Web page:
I get the same result for h' as you, but I think that the original expression for the volume is wrong.
I think that the volume of water should be
I am really keen to know where I went wrong in this question, so any help is appreciated.
my working:"A hemispherical bowl of depth and radius R has volume (2*pi*R^3)/3. If it contains water to a depth h, the volume of water is:
pi(R-h)(R^2-(1/3)*((R-h)^2)).If water is poured into the bowl at a rate of V'(t), then what is h'(t)?" (THE CARTOON GUIDE TO CALCULUS, p.124, ISBN=9780061689093
Since h'(t) represented the change in water height level at an instantaneous point of time, and V'(t) represented the change of volume of water at at an instantaneous point of time, I guessed that I had to use implicit differentiation to make a differential equation such that i can solve for h'(t).
Thus, (using newton's notation)
V = pi[(R-h)(R^2-(1/3)*((R-h)^2))]
V' = pi[(R-h)(R^2-(1/3)*((R-h)^2))]' {[Cf(x)]' = Cf'(x)}
V' = pi[(R-h)'(R^2-(1/3)*((R-h)^2)) + (R-h)(R^2-(1/3)*((R-h)^2))'] {product rule}
V' = pi[-h'(R^2-(1/3)*((R-h)^2)) + (R-h)((-1/3)*(2(R-h))*-h')] {R is a constant, h and V is differentiated with respect to time}
V' = pi[-h'(R^2-(1/3)*((R-h)^2)) + (R-h)((1/3)(2(R-h))*h')]
V' = pi[-h'(R^2-(1/3)*((R-h)^2)) + h'(2/3)((R-h)^2)] { Simplification }
-V' = pi[h'(R^2-(1/3)*((R-h)^2)) - h'(2/3)((R-h)^2)] { *-1 on both sides }
-V' = pi*h'[(R^2-(1/3)*((R-h)^2)) - (2/3)((R-h)^2)]
-V' = pi*h'[(R^2-((R-h)^2)]
-V' = pi*h'[(R^2-(R^2 - 2Rh + h^2)] { (a - b)^2 = a^2 - 2ab + b^2 }
-V' = pi*h'(R^2 - R^2 + 2Rh - h^2)
-V' = pi*h'(2Rh - h^2)
h' = -V'/(pi(2Rh - h^2)), where h' is the rate of height increase, V' is rate of volume increase, R is radius of hemispherical bowl, and h is height at the instantaneous point of time.
However, i plugged my test variables into the equation, i got my h' to be -ve, when my V', R and h are +ve. Please help!!!
(sorry for long post)
could u tell me where u got that info,Bob, thanks soo much.I get the same result for h' as you, but I think that the original expression for the volume is wrong.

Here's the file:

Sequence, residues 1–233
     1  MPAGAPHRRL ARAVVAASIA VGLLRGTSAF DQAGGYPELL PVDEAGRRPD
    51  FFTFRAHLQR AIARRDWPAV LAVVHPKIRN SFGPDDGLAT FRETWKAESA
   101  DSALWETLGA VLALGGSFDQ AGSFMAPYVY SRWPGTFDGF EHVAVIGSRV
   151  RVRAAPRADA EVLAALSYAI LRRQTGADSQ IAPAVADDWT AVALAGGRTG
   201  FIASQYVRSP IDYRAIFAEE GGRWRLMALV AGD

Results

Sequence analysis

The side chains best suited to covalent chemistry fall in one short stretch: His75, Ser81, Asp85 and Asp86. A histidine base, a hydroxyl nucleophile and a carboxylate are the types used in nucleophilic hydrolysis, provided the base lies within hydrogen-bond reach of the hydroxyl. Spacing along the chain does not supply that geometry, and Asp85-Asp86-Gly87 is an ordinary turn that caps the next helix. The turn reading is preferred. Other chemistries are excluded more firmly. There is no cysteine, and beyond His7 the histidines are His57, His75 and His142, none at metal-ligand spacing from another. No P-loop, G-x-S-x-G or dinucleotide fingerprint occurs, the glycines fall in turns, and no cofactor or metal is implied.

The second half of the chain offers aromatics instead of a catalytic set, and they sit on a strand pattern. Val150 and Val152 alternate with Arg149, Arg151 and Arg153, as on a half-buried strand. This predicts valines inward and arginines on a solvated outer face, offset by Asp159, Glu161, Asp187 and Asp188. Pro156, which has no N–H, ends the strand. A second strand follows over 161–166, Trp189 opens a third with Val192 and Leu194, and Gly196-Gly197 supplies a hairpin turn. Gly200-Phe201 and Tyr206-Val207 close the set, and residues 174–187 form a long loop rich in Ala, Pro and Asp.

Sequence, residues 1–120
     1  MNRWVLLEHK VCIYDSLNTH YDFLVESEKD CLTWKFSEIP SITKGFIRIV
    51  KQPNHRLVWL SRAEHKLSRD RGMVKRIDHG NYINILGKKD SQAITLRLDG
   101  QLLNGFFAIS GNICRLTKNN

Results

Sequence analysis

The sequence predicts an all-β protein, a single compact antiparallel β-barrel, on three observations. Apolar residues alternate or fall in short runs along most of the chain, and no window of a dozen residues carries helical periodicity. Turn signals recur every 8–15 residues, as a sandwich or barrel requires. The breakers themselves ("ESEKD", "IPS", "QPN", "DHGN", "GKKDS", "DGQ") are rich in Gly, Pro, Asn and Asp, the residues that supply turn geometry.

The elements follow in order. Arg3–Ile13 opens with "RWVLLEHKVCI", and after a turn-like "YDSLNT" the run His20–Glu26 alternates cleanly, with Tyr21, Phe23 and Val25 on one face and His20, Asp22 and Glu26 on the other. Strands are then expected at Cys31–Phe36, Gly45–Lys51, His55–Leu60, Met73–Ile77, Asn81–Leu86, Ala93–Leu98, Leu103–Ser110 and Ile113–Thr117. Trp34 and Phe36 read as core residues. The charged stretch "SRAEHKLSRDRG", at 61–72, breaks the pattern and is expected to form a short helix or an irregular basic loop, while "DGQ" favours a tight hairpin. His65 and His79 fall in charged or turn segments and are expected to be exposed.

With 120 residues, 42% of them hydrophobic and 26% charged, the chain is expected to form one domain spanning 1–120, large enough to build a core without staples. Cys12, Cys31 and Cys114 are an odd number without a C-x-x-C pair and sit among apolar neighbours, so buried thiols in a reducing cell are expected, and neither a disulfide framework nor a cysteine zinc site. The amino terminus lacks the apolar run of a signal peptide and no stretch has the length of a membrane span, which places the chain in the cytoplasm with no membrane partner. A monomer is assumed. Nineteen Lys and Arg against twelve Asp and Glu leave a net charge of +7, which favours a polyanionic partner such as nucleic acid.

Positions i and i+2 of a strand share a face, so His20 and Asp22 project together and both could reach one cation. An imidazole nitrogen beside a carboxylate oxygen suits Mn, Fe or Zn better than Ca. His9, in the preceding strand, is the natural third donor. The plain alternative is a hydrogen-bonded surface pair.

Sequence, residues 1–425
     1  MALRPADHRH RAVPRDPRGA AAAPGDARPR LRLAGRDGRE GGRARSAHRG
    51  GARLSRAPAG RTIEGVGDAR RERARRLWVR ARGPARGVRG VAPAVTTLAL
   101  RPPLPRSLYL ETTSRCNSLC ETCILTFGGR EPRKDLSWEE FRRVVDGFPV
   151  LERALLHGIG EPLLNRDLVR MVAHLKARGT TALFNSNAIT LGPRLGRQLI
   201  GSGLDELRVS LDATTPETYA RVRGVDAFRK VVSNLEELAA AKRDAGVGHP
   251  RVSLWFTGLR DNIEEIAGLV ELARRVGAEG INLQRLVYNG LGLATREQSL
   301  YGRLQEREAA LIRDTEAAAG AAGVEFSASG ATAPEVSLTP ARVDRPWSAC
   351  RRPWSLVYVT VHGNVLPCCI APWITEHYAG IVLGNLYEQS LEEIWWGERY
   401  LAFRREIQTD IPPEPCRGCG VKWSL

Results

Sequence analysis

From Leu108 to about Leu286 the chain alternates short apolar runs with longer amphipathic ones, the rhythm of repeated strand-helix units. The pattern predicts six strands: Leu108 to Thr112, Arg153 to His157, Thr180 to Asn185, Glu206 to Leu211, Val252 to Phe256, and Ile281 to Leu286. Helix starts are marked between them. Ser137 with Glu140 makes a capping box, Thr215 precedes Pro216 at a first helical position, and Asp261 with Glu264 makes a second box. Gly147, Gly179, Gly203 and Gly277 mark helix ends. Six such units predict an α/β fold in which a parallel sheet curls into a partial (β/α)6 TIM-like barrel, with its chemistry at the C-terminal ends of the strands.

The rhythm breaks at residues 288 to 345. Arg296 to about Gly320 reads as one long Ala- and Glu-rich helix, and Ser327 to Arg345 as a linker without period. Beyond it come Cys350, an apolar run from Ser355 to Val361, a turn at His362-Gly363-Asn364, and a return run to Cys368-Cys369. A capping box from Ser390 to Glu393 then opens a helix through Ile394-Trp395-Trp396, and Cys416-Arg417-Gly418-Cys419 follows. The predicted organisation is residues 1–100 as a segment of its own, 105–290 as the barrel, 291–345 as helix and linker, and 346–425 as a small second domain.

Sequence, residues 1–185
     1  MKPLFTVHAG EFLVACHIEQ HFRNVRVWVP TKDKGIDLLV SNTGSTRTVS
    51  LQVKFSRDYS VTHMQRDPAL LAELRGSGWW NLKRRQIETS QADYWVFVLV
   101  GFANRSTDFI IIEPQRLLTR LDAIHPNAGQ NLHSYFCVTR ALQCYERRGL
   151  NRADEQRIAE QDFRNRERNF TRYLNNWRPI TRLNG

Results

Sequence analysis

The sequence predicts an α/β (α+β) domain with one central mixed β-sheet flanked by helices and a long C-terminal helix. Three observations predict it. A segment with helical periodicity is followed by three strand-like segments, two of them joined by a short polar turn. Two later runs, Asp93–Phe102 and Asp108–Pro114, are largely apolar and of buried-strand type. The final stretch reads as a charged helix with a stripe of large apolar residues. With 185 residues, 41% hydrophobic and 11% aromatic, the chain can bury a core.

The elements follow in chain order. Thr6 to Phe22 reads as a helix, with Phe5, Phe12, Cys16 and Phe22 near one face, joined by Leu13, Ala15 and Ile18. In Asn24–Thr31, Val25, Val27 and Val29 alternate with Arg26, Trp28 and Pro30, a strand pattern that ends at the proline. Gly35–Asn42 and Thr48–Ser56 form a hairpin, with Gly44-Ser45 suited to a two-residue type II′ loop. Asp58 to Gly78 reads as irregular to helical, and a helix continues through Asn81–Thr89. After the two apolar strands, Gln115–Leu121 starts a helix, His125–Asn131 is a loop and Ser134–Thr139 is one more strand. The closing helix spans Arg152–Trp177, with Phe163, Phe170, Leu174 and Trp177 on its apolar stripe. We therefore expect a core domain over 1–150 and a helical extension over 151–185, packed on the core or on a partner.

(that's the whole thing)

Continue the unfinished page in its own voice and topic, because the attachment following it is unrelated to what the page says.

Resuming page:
I think that the volume of water should be
V=\pi\left[Rh^{2}-\frac{h^{3}}{3}\right].
Opps, sry skeeter, i didn't realise that u were solving for h'! I don't understand what u did though, 'cause the problem expected me to use implicit differentiation to solve, not integral. Anyway, i took BobP's equation and manipulated it, giving me two different solutions for h'skeeter, are u saying how to derive the expression for knowing the volume of water at height h?thanks
BobP:
V=pi(Rh^2-(1/3)h^3)
V'=pi(Rh^2-(1/3)h^3)'
V'=pi(2hh'-hh')
h'=V'/pi(h)
Skeeter:
h'=V'/pi(R^2-h^2)
?? Thanks for the help!
I got the expression for the volume by an integration, (like skeeter, though I disagree with his limits, I think the top one should be ).
I rotated around the x-axis rather than the y-axis.
and I checked this against the result given in Schaum's Mathematical Handbook. (Schaum's formula is the same as the one I derived.)
The other point is that your differentiation in your last post is wrong.
Look again at that line number 3.
Opps, thanks for pointing out my careless mistake. AND IT TOTALLY WORKS NOW!! It was just like my last equation, but -ve. Now the -ve values turned +ve, and it makes sense!!BobP:
V=pi(Rh^2-(1/3)h^3)
V'=pi(Rh^2-(1/3)h^3)'
V'=pi(2hh'-hh')
h'=V'/pi(h)
V=pi(Rh^2-(1/3)h^3)
V'=pi(Rh^2-(1/3)h^3)'
V'=pi(R(2h)(h')-(1/3)(3h^2)(h'))
V'=pi(2Rhh'-(h^2)h')
V'=h'pi(2Rh-h^2)
h'=V'/pi(2Rh-h^2)
!!THANK YOU SOOOOO MUCH!!